Leon Sam and the Zydeco Dots
Tribute to Clif
Zydeco, more than anything else, is about socializing. It creates an atmosphere in which people can drink, dance and share dirty thoughts. That's why the music is best experienced in a juke joint. Attempts to record zydeco in a studio often sound slick and devoid of spontaneity, which is the antithesis of the music. Fortunately Houston producer Rock Romano gets it right on the Zydeco Dots' latest CD, Tribute to Clif, the band's first release in four years.
The Zydeco Dots, still one of Houston's hardest-working ensembles, have undergone some significant personnel changes. The addition of Leon Sam gives the Dots a top-notch accordion player, one who favors a wide range of bluesy notes. The group's sound is now more classic, less contemporary, which is a plus when covering the likes of Clifton Chenier. Sam attacks the melody on Chenier's "Messaround," propelling the shuffle tempo into high gear with his Cajun-style la-la riffing. It's as if Sam were grafting a bluesy intensity to the loose-limbed body of zydeco.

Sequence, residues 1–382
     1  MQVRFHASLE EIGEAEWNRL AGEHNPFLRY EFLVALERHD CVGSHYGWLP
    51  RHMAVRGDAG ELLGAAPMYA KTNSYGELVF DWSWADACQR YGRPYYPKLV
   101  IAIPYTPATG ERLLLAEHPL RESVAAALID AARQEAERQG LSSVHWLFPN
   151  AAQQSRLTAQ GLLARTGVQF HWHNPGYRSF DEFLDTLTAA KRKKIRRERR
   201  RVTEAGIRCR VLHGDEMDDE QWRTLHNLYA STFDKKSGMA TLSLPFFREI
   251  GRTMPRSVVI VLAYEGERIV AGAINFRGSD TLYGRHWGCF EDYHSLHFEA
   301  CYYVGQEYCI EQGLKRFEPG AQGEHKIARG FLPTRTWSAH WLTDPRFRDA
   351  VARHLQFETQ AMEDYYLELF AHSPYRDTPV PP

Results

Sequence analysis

There are noteworthy originals, including the fabulous "Ida," which finds Sam mixing it up at high volume, peeling off notes slightly behind the chugga-chugga beat set down by drummer Joe Rossyion. Other originals include blues shuffles, a Latin-flavored bit of zydeco, "LA in Mexico," and a tasty Southern slide-guitar boogie featuring axman Tee Potter.
The Dots are more fun than a crawfish boil, and this CD is provides further evidence as to why the group remains one of Houston's most popular zydeco bands, year after year. -- Aaron Howard
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